Home Business Vikings owners unveil esports team, the Minnesota Røkkr

Vikings owners unveil esports team, the Minnesota Røkkr

Vikings owners unveil esports team, the Minnesota Røkkr

By Nicole Norfleet Star Tribune

The owners of the Vikings debuted their new esports franchise Tuesday in a hat tip — quite literally — to Norse mythology and their Vikings football brand.

The logo of the new Minnesota Røkkr (pronounced “rocker”) team portrays a menacing figure clad in a horned helmet and shadowed in dark purple, blue and black.

The Røkkr team of gamers is one of a dozen teams that will play in Activision Blizzard’s new esports league for its popular first-person shooter game “Call of Duty” early next year.

The Minnesota Røkkr will train near the Vikings’ practice facility in Eagan and host the launch of the league in a three-day event in Minneapolis aimed at bolstering local awareness of the professional gaming industry.

“We wanted a name that would be unique. … We also wanted to find ways to create subtle ties to the Vikings,” said Brett Diamond, chief operating officer of WISE Ventures Esports that manages the Røkkr franchise.

The Wilf family launched the WISE Ventures investment fund last year. The Wilfs are part of a wave of Minnesota sports team owners who have recently entered into the growing professional video games, or esports, world as more sports fans embrace streaming platforms and gaming.

The Minnesota Timberwolves along with Minnesota United FC have esports teams who play for their video game equivalents.

Log created by the Vikings in-house design team

The “Call of Duty” league and season will debut at a large three-day launch event at the Minneapolis Armory. All 12 teams will come to Minnesota for the matches that will take place from Jan. 24 — 26. The event is expected to draw thousands of fans.

“We do think it’s a pretty big deal,” Diamond said. “It will be by far the biggest esports event that has been in this market.”

The Minnesota Røkkr team was announced Tuesday in a video on Twitter with more social media and digital marketing planned as the season ramps up.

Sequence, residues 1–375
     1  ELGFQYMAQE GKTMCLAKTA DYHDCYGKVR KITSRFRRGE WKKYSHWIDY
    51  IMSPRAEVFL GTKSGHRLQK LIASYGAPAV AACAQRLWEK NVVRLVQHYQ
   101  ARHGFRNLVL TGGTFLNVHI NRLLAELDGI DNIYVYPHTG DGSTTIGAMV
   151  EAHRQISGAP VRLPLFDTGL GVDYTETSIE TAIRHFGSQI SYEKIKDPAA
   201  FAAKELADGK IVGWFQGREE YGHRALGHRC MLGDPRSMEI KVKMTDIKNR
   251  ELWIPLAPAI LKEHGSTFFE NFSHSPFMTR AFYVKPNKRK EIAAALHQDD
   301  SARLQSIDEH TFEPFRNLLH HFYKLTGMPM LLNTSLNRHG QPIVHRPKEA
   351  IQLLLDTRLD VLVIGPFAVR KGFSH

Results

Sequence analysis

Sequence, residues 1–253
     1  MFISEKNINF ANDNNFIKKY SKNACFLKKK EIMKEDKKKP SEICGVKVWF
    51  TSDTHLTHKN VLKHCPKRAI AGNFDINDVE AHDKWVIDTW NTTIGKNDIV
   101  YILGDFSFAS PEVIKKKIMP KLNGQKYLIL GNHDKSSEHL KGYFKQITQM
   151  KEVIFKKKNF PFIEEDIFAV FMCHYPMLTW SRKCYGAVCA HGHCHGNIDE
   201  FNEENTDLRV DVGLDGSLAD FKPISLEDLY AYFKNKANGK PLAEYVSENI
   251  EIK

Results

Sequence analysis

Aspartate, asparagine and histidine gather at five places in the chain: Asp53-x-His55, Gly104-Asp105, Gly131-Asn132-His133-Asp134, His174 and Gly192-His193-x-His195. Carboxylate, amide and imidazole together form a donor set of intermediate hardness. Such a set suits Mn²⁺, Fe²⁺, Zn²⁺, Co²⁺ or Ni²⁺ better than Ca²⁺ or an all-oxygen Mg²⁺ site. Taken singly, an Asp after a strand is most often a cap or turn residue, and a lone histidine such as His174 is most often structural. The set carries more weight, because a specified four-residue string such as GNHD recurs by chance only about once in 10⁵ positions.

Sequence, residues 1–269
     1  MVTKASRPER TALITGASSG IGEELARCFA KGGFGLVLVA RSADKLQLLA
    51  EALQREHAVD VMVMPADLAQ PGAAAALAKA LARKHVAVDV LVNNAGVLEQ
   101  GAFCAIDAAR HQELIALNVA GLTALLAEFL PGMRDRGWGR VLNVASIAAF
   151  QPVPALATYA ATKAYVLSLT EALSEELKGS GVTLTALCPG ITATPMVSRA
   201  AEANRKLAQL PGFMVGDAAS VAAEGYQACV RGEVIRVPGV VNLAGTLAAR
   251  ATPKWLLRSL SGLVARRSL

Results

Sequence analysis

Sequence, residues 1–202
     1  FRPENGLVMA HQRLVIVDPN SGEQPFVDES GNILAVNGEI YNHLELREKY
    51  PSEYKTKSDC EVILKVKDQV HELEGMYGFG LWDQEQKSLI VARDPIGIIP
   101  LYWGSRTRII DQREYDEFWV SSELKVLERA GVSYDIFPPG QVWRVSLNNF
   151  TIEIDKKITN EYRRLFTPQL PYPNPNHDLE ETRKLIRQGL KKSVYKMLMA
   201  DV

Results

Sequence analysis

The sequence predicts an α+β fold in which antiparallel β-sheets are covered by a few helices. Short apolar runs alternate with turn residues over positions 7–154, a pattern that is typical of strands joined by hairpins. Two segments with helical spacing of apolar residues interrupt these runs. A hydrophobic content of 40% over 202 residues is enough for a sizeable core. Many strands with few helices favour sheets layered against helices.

Franchise leaders considered about 50 names before settling on Røkkr, an old Norse word for “twilight” which is commonly associated with Ragnarøkkr, the end of the world or “Twilight of the Gods” in Norse mythology, Diamond said.

The logo, created by the Vikings in-house design team True North Creative, depicts a figure ready to join the mythical battle of Ragnarøkkr with a glint of blue along the right side representing moonlight. The logo is reminiscent of the Vikings’ own Norseman mascot as well as reflective of the North theme that is popular in the region.

WISE Ventures is constructing a nearly 11,000-square-foot headquarters and training facility scheduled to open in January on the Viking Lakes campus in Eagan. Besides being used for training, film study and other practice, the facility will also host high school and college esports teams and watch parties for some of the Røkkr team’s away games, Diamond said.

Over the last two months, seven players, five starters and two substitutes, have been signed including: Justin Fargo-Palmer (with the gamer name SiLLY), Adam Garcia (Assault), Adam Brown (GodRX), Alex Carpenter (Alexx), Obaid Asim (Asim), Kaden Stockdale (Exceed), and Devin Robinson (TTinyy).

All of the players as well as the head coach Brian Baroska and analyst and assistant coach Jake Trobaugh will eventually live in Minnesota.

The season for the esports league starts in January and can last eight to nine months. Starting players for teams like the Røkkr can earn well into six figures per season.

Similar to other sports teams, esports franchises work to attract sponsors. The average age of a “Call of Duty” fan is 26 years old, which is younger than the traditional sports fan, and means Røkkr could offer “a unique opportunity for brands to connect with a hard-to-reach audience,” Diamond said. Sponsorship opportunities can range from brand partnerships during the launch weekend to other home events as well as brand integration through social media and digital channels.